While a majority of civic art programs operate within government agencies at the municipal, regional, county, or state levels, some are operated by external nonprofit organizations. This model may be advantageous as it may strengthen fundraising from non-government sources and may minimize political interference in the creative decision-making process.


Additional Percent-for-Art Policy Considerations

The following management provisions are essential to include in successful percent-for-art policies:

  • Designation of responsibilities, e.g., whether the legislature or a state agency will manage the program
  • Project parameters, e.g., policies establishing provisions for qualifying projects, such as baseline construction costs of minimum square footage, or cost caps
  • Exemptions for certain state properties or capital projects from the percent-for-art program
  • Site selection, e.g., specification of whether installations are sited indoors or outdoors at the location of capital projects and mechanisms pertaining to the funding of public art at other locations, and the responsibility for selection, e.g., a state arts agency, art committee, or state agency
  • Budget set-asides, e.g., saving a certain amount for art on other state properties (i.e., not at the location of the capital project under construction)
  • Administrative costs, e.g., a percentage/portion of funds that may be allocated to state arts agencies for their administration of the program
  • Policies and procedures and special funds for curation, contracting, installation, maintenance, conservation, loans, and deaccessioning, e.g., protocol for executing contracts, protocol for conservation and deaccessioning of public art and/or the creation of specific funds for any of the aforementioned topics
  • Public education
  • Accessibility considerations, e.g., specifications to ensure that the artwork is un public view or on property with heavy foot traffic (i.e., not in private offices and other areas restricted to the public)
  • Local preferences, e.g., preferences for awarding public art contracts to artists based within the state or jurisdiction
  • Ownership of art, e.g., which entity owns the artwork and whether artists possess copyright of the work
  • Public education and programs, e.g., educational programming aligned with art installations to advance public education and tourism goals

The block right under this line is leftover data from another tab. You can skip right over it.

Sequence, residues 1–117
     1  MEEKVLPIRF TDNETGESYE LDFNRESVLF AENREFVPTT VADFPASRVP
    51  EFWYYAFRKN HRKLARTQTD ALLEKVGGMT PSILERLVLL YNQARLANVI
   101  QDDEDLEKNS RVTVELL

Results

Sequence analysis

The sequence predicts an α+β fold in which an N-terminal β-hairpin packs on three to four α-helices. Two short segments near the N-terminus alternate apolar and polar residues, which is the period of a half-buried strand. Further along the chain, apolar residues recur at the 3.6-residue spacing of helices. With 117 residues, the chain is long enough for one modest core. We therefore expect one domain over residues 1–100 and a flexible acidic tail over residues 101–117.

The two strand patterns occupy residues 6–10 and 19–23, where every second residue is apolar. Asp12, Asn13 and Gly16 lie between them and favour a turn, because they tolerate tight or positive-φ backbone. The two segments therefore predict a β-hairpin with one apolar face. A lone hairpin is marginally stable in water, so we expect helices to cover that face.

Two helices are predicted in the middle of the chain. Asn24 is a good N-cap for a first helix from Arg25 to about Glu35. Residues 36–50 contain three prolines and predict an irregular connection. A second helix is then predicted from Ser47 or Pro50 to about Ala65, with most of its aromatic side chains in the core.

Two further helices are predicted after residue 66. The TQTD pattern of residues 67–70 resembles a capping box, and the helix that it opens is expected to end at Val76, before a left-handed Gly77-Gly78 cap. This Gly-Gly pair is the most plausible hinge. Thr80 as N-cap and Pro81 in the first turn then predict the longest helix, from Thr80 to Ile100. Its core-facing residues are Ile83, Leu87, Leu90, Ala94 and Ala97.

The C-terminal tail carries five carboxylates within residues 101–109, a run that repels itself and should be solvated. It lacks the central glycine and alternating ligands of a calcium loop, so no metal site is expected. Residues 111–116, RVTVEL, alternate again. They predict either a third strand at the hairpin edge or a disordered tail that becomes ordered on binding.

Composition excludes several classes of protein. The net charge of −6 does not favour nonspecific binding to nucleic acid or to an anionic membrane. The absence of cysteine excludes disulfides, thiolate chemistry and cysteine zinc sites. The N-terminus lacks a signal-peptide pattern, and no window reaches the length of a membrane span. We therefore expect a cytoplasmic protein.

Percent for Art Programs Across the US





Additional Resources

Americans for the Arts. “2017 Survey of Public Art Programs.” PDF File. Washington, DC: Americans for the Arts, 2017. https://www.americansforthearts.org/sites/default/files/2018%20AFTA%20Public%20Art%20Survey_WEB_FINAL.pdf

Carlin, Brad, Ed. “Percent for Art Ordinances.” PDF File. Washington, DC: Americans for the Arts, 2004. https://www.americansforthearts.org/sites/default/files/Percent%20for%20art%20Examples_0.pdf

City of Saint Paul, Minnesota. “Public Art Ordinance Program: Program Guidelines.” https://www.stpaul.gov/departments/financial-services/public-art-ordinance-program

Jackson Hole Public Art. “Places of Possibility: Public Art & Placemaking Toolkit for Rural Communities.” PDF File. 2012. http://2vu7r51wf6it1bb04v1tratk.wpengine.netdna-cdn.com/wp-content/uploads/2012/12/Places-of-possiblity-public-art-toolkit.pdf

Miller, Susan M.; Hulstrand, Janet; Kagan, Janet; Kirkland, Larry. “Public Art and Private Development Resource Guide for Developers.” PDF File. Washington, DC: Americans for the Arts, 2010. https://www.americansforthearts.org/sites/default/files/pdf/2013/by_program/networks_and_councils/public_art_network/PublicArtPrivateDevelopmentFINAL.pdf

National Assembly of State Arts Agencies. “State Percent for Art Programs.” https://nasaa-arts.org/nasaa_research/state-percent-art-programs/

Riley, Kevin; Riley, Sarah; Wallace, Jean. “Making Small Towns Special: How to Afford Public Art.” Parks & Recreation Magazine. September 1, 2016. https://www.nrpa.org/parks-recreation-magazine/2016/september/making-small-towns-special-how-to-afford-public-art/